The first thing to know about this structured approach to managing stress is it is not based on anecdotal accounts or traditional remedies. Careful and precise scientific research has taken place to measure specific parameters related to stress. Quality of life, mood, cytokine levels, and cell production have all been accounted for. By adopting the four simple principles listed below, patients have seen a clear reduction in their stress levels.
First up is “body”. This involves spending time outdoors—usually in a peaceful surrounding—embracing life and getting mild exercise, all while you enjoy the beauty and serenity of nature.
Next, we need to tackle our “awareness” of stress. This stage is all about meditation and mental downtime—developing a greater perception of what it is that stimulates a stress response and being mindful of your surroundings.
Building on from awareness is “mind”. Our focus for this stage is understanding how our brain reacts when we are stressed. By focussing on positive thoughts and rewarding activities, we can boost neurotransmitters that help us feel good.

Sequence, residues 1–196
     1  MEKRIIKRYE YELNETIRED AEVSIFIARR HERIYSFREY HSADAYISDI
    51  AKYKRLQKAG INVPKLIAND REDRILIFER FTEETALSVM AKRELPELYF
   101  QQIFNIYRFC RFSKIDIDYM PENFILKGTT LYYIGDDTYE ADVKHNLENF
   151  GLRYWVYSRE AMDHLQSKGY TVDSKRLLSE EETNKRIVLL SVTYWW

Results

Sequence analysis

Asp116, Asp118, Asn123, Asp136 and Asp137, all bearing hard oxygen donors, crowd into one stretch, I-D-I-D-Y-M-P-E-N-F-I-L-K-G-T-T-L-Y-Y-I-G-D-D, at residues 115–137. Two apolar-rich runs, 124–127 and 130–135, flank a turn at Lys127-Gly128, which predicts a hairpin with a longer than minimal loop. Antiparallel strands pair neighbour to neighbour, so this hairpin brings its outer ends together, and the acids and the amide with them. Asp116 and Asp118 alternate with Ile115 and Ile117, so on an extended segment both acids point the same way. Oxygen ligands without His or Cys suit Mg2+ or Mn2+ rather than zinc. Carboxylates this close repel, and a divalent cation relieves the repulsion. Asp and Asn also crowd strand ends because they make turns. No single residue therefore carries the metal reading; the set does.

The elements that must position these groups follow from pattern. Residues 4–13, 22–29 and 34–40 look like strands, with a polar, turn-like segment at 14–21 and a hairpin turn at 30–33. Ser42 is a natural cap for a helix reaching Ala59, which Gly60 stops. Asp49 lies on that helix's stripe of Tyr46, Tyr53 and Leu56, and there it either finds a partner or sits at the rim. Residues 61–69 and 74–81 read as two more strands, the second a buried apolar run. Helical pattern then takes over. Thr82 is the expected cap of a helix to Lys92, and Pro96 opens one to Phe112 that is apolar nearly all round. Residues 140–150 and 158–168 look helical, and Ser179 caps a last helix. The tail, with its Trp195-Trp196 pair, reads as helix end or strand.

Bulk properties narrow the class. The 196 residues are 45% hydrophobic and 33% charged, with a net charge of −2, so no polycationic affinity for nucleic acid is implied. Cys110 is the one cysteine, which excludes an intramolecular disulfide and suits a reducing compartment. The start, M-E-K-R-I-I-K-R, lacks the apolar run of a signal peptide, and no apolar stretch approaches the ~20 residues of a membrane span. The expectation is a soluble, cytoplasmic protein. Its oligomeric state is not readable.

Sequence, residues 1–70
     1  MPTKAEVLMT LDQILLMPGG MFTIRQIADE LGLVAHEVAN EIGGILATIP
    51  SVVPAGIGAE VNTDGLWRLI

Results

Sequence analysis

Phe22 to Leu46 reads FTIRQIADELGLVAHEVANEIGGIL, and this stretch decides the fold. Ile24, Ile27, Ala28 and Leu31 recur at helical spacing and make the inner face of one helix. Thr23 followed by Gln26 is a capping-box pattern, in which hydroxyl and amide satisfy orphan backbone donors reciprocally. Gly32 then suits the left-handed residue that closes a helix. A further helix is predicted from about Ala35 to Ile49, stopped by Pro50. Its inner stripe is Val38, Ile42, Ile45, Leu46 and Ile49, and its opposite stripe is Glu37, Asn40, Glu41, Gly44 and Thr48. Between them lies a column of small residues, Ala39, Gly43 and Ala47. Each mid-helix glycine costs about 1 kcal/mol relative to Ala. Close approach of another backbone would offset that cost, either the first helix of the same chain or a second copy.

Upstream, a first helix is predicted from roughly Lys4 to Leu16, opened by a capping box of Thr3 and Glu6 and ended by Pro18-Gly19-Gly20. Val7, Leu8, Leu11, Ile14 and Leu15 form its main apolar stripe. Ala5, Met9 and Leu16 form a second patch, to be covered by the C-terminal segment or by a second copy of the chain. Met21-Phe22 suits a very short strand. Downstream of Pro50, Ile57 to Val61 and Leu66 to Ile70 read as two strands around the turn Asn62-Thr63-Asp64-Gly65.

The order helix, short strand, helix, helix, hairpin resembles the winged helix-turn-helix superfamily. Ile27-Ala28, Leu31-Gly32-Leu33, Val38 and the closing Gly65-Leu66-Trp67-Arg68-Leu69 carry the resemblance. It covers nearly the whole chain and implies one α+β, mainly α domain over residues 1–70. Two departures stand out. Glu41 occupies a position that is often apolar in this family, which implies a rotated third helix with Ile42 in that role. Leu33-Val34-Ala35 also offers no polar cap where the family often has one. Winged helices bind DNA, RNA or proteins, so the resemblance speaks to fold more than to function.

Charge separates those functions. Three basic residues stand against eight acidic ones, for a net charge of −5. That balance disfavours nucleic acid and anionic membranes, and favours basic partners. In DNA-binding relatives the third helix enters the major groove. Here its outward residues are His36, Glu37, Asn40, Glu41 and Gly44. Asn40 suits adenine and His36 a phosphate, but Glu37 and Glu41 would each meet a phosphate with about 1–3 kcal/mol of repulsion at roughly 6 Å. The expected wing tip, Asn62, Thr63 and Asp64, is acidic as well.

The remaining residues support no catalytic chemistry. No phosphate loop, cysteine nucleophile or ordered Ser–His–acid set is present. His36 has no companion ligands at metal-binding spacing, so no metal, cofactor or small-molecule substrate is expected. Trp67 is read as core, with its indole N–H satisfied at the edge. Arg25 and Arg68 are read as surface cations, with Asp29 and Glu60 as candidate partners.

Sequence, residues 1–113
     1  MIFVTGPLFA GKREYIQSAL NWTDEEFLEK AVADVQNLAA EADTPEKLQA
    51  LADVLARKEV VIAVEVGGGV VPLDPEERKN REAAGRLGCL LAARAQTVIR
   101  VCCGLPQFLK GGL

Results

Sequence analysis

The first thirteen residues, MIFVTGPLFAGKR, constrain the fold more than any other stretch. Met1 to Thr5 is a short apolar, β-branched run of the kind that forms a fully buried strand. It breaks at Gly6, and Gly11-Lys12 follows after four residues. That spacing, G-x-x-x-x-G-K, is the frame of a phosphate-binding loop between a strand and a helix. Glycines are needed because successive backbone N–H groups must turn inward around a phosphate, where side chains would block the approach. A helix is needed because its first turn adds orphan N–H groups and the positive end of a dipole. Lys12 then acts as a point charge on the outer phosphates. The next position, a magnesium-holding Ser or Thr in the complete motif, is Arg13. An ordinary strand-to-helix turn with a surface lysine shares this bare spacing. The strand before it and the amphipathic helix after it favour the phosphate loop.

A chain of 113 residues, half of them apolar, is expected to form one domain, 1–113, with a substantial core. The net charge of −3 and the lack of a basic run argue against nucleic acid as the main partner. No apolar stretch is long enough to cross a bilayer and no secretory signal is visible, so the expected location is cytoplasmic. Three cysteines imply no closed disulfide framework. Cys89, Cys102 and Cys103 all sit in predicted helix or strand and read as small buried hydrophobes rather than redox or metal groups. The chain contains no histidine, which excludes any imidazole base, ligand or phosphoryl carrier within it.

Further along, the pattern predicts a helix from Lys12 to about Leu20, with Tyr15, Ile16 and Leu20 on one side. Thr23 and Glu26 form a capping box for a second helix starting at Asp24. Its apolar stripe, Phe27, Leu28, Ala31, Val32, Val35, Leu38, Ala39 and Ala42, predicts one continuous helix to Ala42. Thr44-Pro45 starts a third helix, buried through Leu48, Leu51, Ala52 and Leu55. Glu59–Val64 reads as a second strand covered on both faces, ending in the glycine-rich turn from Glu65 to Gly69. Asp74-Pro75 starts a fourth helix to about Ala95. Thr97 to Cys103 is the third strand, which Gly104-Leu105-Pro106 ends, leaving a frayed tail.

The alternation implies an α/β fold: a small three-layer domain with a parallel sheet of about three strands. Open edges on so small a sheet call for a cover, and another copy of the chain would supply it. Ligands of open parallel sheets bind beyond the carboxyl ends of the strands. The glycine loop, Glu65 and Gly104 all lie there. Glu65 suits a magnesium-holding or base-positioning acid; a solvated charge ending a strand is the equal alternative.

Finally comes “art”. Think of art as your inner feelings, what makes you, you. The aim is to channel your energy into an activity and let your inner flow take over. While art is an ideal activity for achieving this, anything creative works. By being creative, we focus the mind, removing the thoughts that may be causing us stress.
In combination, all four of these actions can help us to manage stress when it occurs. Remember, we can never remove stress completely. It is part of what makes us human. A far more sustainable and beneficial approach is to know when our bodies are stressed, and support them in naturally restoring a balanced state.
B: Body—embracing nature
Body is one of the categories we are most likely to avoid. Modern society is doing its best to eradicate our desire to enjoy nature and prepare hearty and wholesome meals. If we’re not going to be beaten by stress, then why let the pressure of a modern lifestyle beat us either?